This post was written prior to our January 2017 merger, under our previous firm name, MacPherson Leslie & Tyerman LLP.
Chatfield v. Bell Mobility Inc., et. al., is a certified Saskatchewan action with a class including all persons who contracted with virtually all the companies that have ever provided wireless and cellular service in Canada for virtually the entire time such services have been offered in this country. The sole cause of action certified in the case (after six others were rejected at certification) is unjust enrichment. The certified common issue addresses whether it was wrongful for the Defendants to charge in their service contracts what was often referred to in the industry as a System Access Fee (“SAF”).
Post certification the Plaintiff sought to amend the Statement of Claim to make numerous allegations that the Defendants argued merely reintroduced several previously struck causes of action, including deceit and misrepresentation over a period of decades. Similar to the allegations at the certification motion, the Plaintiffs did not include any allegation in their proposed amendments that any class member actually relied on the alleged misrepresentations concerning the nature of the SAFs. However, the Plaintiffs argued this pleading was relevant to the unjust enrichment analysis.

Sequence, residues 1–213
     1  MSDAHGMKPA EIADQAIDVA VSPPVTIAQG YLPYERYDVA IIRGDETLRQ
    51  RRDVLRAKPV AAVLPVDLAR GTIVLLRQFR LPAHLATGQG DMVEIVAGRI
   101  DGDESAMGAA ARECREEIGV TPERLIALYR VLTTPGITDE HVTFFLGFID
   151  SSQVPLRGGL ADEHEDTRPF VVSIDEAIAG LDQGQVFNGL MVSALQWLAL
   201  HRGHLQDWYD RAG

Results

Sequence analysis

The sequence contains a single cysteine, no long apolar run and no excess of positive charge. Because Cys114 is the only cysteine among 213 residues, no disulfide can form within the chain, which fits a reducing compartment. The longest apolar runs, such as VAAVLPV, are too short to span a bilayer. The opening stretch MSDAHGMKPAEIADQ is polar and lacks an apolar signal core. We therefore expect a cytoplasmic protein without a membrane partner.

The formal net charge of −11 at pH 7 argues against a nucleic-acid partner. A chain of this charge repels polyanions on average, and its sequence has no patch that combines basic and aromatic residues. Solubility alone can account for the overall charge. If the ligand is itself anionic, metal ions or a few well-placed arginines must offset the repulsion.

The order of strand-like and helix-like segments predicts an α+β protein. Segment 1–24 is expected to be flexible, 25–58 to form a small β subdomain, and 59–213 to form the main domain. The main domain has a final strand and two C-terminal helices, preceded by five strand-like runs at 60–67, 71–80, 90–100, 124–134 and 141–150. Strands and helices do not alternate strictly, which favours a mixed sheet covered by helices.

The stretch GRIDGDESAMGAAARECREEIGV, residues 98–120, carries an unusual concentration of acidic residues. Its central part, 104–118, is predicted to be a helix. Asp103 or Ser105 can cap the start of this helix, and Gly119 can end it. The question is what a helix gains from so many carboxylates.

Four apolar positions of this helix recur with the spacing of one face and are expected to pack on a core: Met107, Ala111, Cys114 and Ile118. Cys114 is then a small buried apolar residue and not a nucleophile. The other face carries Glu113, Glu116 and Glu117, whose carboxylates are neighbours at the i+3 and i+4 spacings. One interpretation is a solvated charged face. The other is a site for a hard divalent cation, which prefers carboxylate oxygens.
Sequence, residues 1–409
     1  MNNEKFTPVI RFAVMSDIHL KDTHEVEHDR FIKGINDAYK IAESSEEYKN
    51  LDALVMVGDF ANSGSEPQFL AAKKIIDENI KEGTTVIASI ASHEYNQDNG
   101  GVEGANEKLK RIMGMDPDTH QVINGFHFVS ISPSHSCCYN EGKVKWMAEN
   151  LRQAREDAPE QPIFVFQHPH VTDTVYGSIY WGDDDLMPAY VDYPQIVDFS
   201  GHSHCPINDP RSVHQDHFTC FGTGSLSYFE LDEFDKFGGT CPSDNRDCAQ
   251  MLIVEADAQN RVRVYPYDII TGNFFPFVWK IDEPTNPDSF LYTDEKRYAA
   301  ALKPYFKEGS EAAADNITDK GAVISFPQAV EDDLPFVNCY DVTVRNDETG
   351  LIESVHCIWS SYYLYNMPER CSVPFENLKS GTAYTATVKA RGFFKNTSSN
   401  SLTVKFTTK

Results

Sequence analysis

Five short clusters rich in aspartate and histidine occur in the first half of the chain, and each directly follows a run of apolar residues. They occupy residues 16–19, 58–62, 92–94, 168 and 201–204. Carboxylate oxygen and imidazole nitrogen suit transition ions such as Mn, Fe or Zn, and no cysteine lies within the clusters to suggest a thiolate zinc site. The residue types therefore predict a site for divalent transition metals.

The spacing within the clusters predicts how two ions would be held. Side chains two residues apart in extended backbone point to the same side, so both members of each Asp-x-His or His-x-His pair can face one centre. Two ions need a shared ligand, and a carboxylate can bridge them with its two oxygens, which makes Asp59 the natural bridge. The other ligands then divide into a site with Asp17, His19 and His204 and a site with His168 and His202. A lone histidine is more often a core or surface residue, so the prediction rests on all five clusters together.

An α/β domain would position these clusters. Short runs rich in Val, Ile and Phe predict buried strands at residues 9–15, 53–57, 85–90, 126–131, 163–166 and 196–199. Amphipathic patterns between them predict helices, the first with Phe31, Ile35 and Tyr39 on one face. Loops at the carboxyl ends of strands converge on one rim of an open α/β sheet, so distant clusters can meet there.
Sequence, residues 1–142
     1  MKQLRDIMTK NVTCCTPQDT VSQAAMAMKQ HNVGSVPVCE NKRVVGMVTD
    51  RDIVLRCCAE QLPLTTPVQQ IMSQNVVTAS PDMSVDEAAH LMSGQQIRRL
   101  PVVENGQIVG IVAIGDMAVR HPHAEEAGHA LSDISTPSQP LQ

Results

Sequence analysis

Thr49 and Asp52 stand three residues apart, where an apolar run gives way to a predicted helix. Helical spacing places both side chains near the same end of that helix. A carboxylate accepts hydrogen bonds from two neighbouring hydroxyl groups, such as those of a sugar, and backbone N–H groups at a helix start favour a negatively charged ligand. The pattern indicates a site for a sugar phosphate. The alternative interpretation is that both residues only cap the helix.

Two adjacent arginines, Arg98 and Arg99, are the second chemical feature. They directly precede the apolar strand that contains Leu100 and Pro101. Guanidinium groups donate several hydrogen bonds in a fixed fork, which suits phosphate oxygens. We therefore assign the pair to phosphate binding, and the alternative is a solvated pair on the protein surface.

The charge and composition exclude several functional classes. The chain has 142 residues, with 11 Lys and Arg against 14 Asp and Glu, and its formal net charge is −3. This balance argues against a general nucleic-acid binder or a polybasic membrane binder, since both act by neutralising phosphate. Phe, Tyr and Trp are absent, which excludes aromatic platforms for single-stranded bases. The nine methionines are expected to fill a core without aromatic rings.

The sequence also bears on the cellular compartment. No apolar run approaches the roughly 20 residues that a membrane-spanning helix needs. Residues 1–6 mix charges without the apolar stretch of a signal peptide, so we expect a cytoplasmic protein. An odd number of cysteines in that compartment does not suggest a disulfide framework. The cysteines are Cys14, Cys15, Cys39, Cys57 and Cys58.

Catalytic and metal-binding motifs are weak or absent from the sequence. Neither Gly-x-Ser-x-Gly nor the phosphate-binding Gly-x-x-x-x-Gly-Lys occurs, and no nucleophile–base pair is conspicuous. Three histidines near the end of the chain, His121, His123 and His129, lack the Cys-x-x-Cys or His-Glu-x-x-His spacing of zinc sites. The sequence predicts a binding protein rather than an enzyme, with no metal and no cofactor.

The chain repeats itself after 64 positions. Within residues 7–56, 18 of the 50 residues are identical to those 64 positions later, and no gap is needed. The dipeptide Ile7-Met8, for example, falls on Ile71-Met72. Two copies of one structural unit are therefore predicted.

In his decision reported at 2014 SKQB 82, Justice Elson summarized the underlying issue as whether the proposed amendments contained further allegations that did not fundamentally change the nature of the action or whether they did fundamentally change the nature of the action requiring consideration of all of the matters dealt with at the certification application. He concluded the latter.
Elson J. grounded his analysis in the Court of Appeal’s description of the Plaintiff’s claim from their decision upholding certification; that the crux of the Claim is whether the service contracts, properly interpreted, allow the Defendants to retain the SAFs, thereby constituting a juristic reason for any enrichment. Elson J. noted representations could form a limited aspect of a contractual interpretative exercise. However, the alleged misrepresentations were either immaterial to or inconsistent with the real issue Justice Elson articulated – what meaning should be given to the service contracts. The alleged misrepresentations did not belong in pleadings involving the absence of juristic reason in the context of a contract based claim.
Further, the proposed amendments would change the focus of the inquiry from what had previously been judged to be common and grounded solely in the conduct of the Defendants, into to a series of individual inquiries into the state of mind of the class members. On these bases, Elson J refused to allow the “slightly dressed up version” of the previously struck causes of action to proceed.